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Making Hepatitis History Part 2: Sterilization logs can help uncover medical negligence

Making Hepatitis History Part 2: Sterilization logs can help uncover medical negligence

Picture of William Heisel

One of my first investigative stories as a reporter started with a call from a doctor who was worried about the sterilization practices at his hospital.

I started calling people at the hospital to try to answer some basic questions about what they were doing to make sure that surgical equipment was clean between procedures. "Why don't I just come down and take a look at your process?" I suggested.

And that's how I saw the sterilization logs.

Every time surgical equipment is sterilized, there are simple tests performed to see if any bacteria survived the cleaning. Medical center staff keeps logs detailing the tests.

In public hospitals, these are public records. In a private hospital like the one I visited (and the surgery center being nailed for the biggest Hepatitis C outbreak in US history), you need to ask to see them. Or you need to find someone on the inside to show you these records, like a nurse who didn't like being pressured to cut corners or a doctor who had a patient who ended up with an infection and went looking for someone to blame. Or you need to track them down in lawsuit filings, criminal filings or bankruptcy records.

What do these records look like? Here's an example of one from the County of San Diego.

What are you looking for?

1. Did the medical team use the right type of sterilization? The CDC has some specific guidelines for what should be done for different types of surgical equipment and different types of bacteria and viruses. Generally, it says, "Of all the methods available for sterilization, moist heat in the form of saturated steam under pressure is the most widely used and the most dependable."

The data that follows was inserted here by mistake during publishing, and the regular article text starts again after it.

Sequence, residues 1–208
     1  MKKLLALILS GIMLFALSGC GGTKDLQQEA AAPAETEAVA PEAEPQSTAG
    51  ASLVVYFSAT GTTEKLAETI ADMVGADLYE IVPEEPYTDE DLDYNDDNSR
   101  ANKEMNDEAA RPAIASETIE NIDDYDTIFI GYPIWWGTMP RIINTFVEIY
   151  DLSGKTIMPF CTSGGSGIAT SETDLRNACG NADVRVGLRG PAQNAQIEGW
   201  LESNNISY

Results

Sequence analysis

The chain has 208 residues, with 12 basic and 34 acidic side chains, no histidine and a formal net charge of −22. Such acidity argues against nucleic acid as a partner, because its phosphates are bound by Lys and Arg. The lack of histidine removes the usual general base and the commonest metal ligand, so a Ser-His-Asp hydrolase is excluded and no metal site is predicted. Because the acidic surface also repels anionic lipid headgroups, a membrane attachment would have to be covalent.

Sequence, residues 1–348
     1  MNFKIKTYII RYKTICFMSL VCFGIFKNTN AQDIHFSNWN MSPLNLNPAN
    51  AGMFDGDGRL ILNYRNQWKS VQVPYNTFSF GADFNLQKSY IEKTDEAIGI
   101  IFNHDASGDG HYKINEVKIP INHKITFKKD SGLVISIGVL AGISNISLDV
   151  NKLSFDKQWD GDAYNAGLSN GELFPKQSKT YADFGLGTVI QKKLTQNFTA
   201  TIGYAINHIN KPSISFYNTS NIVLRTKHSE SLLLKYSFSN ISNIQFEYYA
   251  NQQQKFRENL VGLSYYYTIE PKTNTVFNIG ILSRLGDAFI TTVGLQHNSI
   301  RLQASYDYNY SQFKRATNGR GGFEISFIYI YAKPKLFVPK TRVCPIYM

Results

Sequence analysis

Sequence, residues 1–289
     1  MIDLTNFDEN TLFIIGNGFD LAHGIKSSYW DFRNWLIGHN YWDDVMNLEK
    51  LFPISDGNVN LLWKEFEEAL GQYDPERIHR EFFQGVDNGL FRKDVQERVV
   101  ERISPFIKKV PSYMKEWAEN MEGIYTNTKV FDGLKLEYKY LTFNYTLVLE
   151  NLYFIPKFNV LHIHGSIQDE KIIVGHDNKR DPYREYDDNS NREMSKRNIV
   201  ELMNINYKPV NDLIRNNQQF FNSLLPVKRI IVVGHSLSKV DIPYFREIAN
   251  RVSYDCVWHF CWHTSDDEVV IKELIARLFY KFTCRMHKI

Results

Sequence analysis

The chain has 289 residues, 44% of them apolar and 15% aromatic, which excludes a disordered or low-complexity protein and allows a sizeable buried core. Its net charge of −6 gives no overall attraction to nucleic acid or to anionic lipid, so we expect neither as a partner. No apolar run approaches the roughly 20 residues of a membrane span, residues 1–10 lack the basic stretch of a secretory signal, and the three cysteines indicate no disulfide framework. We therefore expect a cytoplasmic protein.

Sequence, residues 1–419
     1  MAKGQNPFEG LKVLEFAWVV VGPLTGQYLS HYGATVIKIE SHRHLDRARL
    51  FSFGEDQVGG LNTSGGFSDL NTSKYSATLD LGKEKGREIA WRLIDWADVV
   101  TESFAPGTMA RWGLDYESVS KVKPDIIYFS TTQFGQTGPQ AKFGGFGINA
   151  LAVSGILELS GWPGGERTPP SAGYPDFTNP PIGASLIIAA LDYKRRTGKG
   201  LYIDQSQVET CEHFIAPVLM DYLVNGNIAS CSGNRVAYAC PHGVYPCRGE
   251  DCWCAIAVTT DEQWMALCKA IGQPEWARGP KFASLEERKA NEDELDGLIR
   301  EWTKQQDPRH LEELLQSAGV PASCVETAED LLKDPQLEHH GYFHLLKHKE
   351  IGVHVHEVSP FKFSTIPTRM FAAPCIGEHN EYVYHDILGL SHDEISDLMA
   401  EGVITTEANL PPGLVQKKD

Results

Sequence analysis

2. Did they use the sterilization equipment in the right way? "The basic principle of steam sterilization, as accomplished in an autoclave, is to expose each item to direct steam contact at the required temperature and pressure for the specified time," says the CDC. "Thus, there are four parameters of steam sterilization: steam, pressure, temperature, and time." Medical staff can get any one of these four wrong.

3, Did bacteria survive the sterilization process? Northeastern University has a good description of their lab processes that will give you an idea of how things are supposed to work. If bacteria are starting to grow 48 hours after the sterilization, there's a problem.

4. Did they ignore repeated problems with the same sterilizer? Anyone can make a mistake, but if you see multiple dates that show spores surviving sterilization following a surgery, you have a story.

5. What did they do when they had a complaint? In the case I wrote about, they tried to shut everyone up. A surgeon had a patient who developed an infection. The infection was traced back to dirty surgical equipment. Instead of talking about it with everyone on the staff and trying to solve the problem, they tried to shut the surgeon up and keep everything quiet. Until I called.

As is often the case, the cover-up can be a better story than the crime.

Related posts:

Making Hepatitis History Part 1: Michael Jackson's deadly drug strikes again

Making Hepatitis History Part 3: Bankruptcy court holds dirty secrets little and large

Making Hepatitis History Part 4: Time stamps can separate medical fact from fiction

Making Hepatitis History Part 5: Purchasing records reveal dangerous penny pinching



The Center for Health Journalism’s 2023 National Fellowship will provide $2,000 to $10,000 reporting grants, five months of mentoring from a veteran journalist, and a week of intensive training at USC Annenberg in Los Angeles from July 16-20. Click here for more information and the application form, due May 5.

The Center for Health Journalism’s 2023 Symposium on Domestic Violence provides reporters with a roadmap for covering this public health epidemic with nuance and sensitivity. The next session will be offered virtually on Friday, March 31. Journalists attending the symposium will be eligible to apply for a reporting grant of $2,000 to $10,000 from our Domestic Violence Impact Reporting Fund. Find more info here!


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